REPRINT: Wikileaks And The South Ossetia War

Though I originally meant to write my own analysis of what the Wikileaks cables have contributed to our understanding of the 2008 South Ossetia War, I realized that I would essentially be trying to duplicate the excellent efforts of Patrick Armstrong. (See also the New York Times article Embracing Georgia, U.S. Misread Signs of Rifts). Patrick’s article for Russia Other Points Of View is reprinted below:

I have been a diplomat: I have written reports like the ones leaked and I have read many. And my conclusion is that some report writers are better informed than others. So it is with a strange sense of déjà vu that I have read the Wikileaks on US reports.

My sources for the following are the reports presented at this Website (passed to me by Metin Sonmez – thank you):  (Direct quotations are bolded; I will not give detailed references – search the site). The reports published there are a small sample of all the communications that would have passed from the posts to Washington in August 2008. They are, in fact, low-grade reporting tels with low security classifications and only a partial set at that. Nonetheless they give the flavour of what Washington was receiving from its missions abroad. (It is inconceivable that the US Embassy in Tbilisi was reporting everything Saakashvili told it without comment in one set of reports while another said that he was lying; that’s not how it works).

One of the jobs of embassies is to inform their headquarters; in many cases, this involves passing on what they are told without comment. But passive transmission does not justify the fabulous expense of an Embassy – official statements are easy to find on the Net – informed judgement is what you are paying for. We don’t see a lot of that in these reports. What struck me immediately upon reading the reports from Tbilisi was how reliant they were on Official Tbilisi. Had they never talked to Okruashvili, or Kitsmarishvili? They could have told them that the conquest of Abkhazia and South Ossetia was always on the agenda. They actually did speak to Kitsmarishvili: he says he met with Ambassador Tefft to ask whether Washington had given Tbilisi “U.S. support to carry out the military operation” as he said the Tbilisi leadership believed it had. He says Tefft “categorically denied that”. How about former close associates of Saakashvili like Burjanadze or Zurabishvili who could have told them how trustworthy he was? (The last’s French connections may have helped insulate Paris from swallowing Saakashvili’s version whole).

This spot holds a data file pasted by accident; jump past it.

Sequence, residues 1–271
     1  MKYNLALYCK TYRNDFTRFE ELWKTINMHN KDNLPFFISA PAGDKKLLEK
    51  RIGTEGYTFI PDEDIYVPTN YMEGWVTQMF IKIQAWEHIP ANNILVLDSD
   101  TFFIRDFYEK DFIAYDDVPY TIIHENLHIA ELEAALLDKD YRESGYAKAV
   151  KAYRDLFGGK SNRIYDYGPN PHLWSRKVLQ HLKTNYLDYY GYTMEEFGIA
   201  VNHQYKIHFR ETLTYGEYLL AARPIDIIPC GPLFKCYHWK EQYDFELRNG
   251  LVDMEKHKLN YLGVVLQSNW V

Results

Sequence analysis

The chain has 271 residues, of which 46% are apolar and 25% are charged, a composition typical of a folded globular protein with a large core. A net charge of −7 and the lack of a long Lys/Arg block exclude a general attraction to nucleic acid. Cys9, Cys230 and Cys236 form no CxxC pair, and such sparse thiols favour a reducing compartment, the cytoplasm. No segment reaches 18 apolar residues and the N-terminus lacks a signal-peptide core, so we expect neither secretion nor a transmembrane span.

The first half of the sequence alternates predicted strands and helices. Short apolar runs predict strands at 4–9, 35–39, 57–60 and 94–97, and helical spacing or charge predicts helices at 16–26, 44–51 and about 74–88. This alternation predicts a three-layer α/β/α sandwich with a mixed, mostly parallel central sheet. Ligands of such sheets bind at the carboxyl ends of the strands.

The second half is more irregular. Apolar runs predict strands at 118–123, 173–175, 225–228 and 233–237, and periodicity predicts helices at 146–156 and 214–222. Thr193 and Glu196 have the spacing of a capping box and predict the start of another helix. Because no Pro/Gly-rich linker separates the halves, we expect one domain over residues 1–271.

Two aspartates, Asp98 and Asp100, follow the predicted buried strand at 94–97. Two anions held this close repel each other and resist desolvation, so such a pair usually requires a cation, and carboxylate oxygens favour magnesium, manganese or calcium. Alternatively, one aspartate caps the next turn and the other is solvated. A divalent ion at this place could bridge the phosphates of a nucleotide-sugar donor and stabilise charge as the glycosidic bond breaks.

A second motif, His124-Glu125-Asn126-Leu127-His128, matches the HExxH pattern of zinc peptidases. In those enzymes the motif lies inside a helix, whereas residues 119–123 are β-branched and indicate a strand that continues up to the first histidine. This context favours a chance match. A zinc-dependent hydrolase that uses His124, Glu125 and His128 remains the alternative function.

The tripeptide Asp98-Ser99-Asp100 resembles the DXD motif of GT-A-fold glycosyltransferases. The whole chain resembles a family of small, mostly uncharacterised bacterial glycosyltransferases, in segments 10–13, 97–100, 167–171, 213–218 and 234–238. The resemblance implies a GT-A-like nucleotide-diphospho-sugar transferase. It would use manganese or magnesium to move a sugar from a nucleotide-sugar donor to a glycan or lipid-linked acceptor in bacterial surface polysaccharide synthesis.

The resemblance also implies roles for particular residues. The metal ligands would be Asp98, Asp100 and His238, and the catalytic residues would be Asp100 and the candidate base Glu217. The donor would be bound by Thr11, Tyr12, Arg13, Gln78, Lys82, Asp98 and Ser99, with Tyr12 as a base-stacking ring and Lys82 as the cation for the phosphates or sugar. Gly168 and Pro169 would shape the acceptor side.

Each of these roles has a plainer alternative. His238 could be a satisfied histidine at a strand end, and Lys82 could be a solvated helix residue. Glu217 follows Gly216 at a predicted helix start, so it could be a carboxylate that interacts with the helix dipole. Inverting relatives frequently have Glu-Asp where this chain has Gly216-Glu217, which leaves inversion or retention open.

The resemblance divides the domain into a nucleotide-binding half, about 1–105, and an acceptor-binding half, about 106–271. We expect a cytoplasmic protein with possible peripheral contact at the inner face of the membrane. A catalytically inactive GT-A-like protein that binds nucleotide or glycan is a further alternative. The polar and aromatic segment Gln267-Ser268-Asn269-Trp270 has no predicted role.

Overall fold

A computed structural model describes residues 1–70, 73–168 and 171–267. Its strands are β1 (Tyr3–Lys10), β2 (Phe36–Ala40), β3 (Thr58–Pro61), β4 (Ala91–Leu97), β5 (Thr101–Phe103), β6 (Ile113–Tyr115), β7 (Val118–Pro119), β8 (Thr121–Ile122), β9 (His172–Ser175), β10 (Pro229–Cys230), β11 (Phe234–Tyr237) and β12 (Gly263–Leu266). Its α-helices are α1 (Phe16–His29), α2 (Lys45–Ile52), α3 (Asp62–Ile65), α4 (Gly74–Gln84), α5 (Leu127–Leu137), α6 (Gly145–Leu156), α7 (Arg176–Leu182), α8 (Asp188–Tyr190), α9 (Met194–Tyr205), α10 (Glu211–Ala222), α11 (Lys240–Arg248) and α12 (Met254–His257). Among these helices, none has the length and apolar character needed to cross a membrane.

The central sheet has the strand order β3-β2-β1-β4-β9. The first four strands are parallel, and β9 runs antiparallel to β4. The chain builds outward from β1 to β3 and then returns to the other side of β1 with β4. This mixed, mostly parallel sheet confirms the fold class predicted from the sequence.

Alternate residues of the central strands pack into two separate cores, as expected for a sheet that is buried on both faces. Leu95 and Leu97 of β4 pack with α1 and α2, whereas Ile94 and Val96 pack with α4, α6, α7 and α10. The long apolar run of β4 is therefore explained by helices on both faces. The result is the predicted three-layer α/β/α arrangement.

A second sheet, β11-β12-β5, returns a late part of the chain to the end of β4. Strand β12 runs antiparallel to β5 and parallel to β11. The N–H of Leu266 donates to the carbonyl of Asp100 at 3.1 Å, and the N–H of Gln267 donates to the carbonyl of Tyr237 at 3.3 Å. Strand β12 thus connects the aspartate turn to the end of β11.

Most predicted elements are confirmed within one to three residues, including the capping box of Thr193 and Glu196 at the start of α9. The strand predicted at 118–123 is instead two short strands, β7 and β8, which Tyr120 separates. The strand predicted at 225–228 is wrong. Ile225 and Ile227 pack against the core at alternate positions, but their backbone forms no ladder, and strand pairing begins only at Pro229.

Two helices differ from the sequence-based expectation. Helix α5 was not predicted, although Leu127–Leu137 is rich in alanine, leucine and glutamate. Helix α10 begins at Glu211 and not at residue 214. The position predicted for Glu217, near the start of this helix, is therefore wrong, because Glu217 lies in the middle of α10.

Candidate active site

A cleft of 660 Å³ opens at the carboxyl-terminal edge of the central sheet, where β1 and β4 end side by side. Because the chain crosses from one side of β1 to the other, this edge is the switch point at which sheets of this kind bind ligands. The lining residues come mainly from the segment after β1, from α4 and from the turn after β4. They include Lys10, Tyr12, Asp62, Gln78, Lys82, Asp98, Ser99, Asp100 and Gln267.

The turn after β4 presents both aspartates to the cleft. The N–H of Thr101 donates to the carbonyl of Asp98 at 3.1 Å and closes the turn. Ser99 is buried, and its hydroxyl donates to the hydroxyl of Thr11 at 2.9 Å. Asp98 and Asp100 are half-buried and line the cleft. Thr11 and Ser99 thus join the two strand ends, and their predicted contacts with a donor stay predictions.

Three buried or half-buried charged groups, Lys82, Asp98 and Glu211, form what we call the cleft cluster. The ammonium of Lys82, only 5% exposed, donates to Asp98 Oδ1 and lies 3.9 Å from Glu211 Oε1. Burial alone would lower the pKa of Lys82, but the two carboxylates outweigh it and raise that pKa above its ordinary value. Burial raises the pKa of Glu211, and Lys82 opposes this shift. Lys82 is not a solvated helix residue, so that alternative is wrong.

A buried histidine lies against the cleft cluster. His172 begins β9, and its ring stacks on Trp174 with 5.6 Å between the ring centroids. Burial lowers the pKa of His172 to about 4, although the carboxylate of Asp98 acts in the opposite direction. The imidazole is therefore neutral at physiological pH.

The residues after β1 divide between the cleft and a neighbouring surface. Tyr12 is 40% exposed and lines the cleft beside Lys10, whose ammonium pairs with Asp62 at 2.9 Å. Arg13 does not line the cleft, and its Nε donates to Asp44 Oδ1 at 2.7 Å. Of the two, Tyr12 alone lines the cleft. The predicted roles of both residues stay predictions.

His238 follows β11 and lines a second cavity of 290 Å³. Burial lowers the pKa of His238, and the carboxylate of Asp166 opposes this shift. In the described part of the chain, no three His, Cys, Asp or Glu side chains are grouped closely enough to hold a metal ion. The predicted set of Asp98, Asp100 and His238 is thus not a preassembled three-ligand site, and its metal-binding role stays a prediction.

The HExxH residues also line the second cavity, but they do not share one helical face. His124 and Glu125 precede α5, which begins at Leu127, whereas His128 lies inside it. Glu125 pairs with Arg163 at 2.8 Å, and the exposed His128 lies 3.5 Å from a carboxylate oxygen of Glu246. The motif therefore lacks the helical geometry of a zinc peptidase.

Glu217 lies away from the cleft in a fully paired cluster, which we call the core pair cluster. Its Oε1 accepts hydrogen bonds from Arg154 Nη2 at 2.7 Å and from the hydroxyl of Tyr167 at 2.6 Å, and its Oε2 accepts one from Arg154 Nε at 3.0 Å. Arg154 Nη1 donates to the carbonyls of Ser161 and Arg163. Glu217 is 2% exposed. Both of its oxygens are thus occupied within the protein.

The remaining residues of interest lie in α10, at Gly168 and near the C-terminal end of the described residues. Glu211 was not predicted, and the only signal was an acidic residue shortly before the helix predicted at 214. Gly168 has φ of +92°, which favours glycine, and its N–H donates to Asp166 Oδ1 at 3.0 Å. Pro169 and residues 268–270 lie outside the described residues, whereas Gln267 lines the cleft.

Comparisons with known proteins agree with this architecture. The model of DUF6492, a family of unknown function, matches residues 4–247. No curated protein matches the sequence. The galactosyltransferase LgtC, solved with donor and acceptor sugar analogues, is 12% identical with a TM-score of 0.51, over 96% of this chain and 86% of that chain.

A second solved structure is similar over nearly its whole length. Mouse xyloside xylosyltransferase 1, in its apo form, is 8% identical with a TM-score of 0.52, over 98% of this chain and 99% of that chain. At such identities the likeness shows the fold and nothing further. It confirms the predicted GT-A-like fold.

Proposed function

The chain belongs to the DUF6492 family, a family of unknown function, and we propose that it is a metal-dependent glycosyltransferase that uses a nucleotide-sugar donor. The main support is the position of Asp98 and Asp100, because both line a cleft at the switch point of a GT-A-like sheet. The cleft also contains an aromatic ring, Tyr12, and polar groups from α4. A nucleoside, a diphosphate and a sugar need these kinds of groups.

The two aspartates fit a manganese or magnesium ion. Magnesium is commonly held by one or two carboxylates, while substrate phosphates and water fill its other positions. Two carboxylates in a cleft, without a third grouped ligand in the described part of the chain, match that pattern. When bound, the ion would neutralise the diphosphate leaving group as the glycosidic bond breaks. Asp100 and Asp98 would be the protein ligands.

The first report from Tbilisi, on 6 August, deals with Georgian reports of fighting in South Ossetia. This doesn’t mean anything in particular – sporadic outbursts have been common on the border since the war ended in 1992 – they are generally a response to the other side’s activities. What’s important about this particular outburst is that it formed the base of Saakashvili’s Justification 1.0 for his attack. We now must remind readers of his initial statement to the Georgian people when he thought it was almost over: “Georgian government troops had gone ‘on the offensive’ after South Ossetian militias responded to his peace initiative on August 7 by shelling Georgian villages.” His justification changed as what he had to explain grew more catastrophic. The US Embassy in Tbilisi comments (ie not reporting what they were told:comments are the Embassy speaking) “From evidence available to us it appears the South Ossetians started today’s fighting. The Georgians are now reacting by calling up more forces and assessing their next move. It is unclear to the Georgians, and to us, what the Russian angle is and whether they are supporting the South Ossetians or actively trying to help control the situation”. The comment sets the stage: the Ossetians started it and Moscow may be involved. There appears to be no realisation that the Ossetians are responding to some Georgian activity (itself a reaction to an Ossetian activity and so on back to 1991, when the Georgians attacked). Shouldn’t Tefft have wondered at this point why Kitsmarishvili had asked him that question a few months earlier? (Parenthetically I might observe that there is never, in any of the reports that I have seen, any consideration, however fleeting, of the Ossetian point of view. But that is the Original Sin of all of this: Stalin’s borders are sacrosanct and Ossetians are nothing but Russian proxies).